Rarely does a book make a splash without weeks, if not months, of publicity behind it. In today’s ever-changing world of publishing, many mid-list writers have to outsource marketing and PR because the efforts of their publisher are minimal at best. This shift has left many writers floundering.
Writers are increasingly being asked to develop and pay for swag, come up with clever contests, and even cover their costs to conferences.
So why hire a publicist when writers are already shelling out hundreds, if not thousands of dollars, in marketing costs?
Because a publicist and marketer can do this better and more cost effectively. They have contacts writers don’t and can help a book jump to the front of a reviewer’s TBR pile. They are able to look at a cover, compare how it performs against similar titles, and make suggestions. They can assist in getting books into indie bookstores and secure quality advertising.
A good publicist is a writer’s right hand man.
So what should a writer expect from a publicist?
First, there needs to be good communication and expectation setting. Not every book will crack Amazon’s top 1000, and that’s okay – especially if there’s a backlist to push as well. That expectation, however, needs to be set up front. Having realistic goals and communicating them to the publicist will save a lot of heartache and frustration later. It’s also important that a publicist check in on a regular basis with results and efforts. A Friday round-up of work accomplished isn’t abnormal.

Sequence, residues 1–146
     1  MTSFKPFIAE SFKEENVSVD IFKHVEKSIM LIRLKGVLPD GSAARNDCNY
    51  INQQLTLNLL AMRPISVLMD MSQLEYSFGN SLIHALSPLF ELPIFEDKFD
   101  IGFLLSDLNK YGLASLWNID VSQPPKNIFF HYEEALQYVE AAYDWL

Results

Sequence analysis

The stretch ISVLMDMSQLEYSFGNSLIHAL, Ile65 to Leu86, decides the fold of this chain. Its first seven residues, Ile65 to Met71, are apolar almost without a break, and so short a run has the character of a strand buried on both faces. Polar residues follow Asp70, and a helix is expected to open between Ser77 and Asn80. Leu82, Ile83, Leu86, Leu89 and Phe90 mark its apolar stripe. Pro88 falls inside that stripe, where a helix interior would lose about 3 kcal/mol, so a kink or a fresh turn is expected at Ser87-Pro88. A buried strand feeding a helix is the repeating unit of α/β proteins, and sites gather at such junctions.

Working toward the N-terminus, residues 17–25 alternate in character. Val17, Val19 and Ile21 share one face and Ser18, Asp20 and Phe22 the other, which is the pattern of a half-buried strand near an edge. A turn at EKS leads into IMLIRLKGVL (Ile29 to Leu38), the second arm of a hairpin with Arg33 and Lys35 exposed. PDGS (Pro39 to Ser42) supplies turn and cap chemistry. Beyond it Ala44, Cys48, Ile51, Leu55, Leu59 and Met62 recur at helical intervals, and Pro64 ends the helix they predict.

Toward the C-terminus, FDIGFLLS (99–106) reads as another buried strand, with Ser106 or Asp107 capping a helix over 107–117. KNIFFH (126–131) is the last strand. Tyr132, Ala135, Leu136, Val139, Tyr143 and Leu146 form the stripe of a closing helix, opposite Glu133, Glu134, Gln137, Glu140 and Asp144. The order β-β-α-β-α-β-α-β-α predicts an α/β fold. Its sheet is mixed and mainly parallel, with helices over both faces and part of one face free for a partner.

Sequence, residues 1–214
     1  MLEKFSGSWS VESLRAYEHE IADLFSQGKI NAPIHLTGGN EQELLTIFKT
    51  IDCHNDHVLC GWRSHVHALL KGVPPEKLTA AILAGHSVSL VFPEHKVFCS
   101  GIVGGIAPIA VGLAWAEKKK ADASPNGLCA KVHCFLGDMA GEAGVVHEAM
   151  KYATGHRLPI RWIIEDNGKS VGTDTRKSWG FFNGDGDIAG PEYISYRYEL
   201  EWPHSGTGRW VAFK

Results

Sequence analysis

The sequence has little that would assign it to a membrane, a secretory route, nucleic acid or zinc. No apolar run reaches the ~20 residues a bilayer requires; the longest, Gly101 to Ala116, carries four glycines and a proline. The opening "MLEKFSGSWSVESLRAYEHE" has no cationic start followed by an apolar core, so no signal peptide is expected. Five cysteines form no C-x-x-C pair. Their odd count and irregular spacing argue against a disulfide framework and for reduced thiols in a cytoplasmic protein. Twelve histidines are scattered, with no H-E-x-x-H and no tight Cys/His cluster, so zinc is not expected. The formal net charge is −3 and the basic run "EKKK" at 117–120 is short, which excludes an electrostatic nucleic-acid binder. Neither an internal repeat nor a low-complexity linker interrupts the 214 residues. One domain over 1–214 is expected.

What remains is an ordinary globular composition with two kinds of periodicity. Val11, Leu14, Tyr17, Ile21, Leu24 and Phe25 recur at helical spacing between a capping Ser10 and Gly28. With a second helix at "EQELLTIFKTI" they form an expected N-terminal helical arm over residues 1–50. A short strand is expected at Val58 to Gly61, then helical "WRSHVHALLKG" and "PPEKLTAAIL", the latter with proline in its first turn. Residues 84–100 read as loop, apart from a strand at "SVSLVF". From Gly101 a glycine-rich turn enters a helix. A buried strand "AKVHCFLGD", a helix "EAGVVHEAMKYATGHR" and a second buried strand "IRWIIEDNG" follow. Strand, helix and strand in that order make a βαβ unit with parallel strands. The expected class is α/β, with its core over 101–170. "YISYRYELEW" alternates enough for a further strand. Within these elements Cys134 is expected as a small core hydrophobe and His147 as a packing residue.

Second, a publicist should give honest feedback about what did and didn’t work on a campaign and why. Did it miss the target audience? Does it need tweaking to see better results? Did the team do everything right and receive an uptick in sales? A good publicist will be able to analyze the data and figure out a campaign’s strengths and weaknesses.
Third, a good publicist will keep everything organized. For example, if a book is a debut, then a publicist may have the writer focus on building a newsletter contact list while they reach out to reviewers and organizing blog tours.
Whether a writer is traditionally or indie published, working with a publicist should free up time for the writer to do what they do best…write.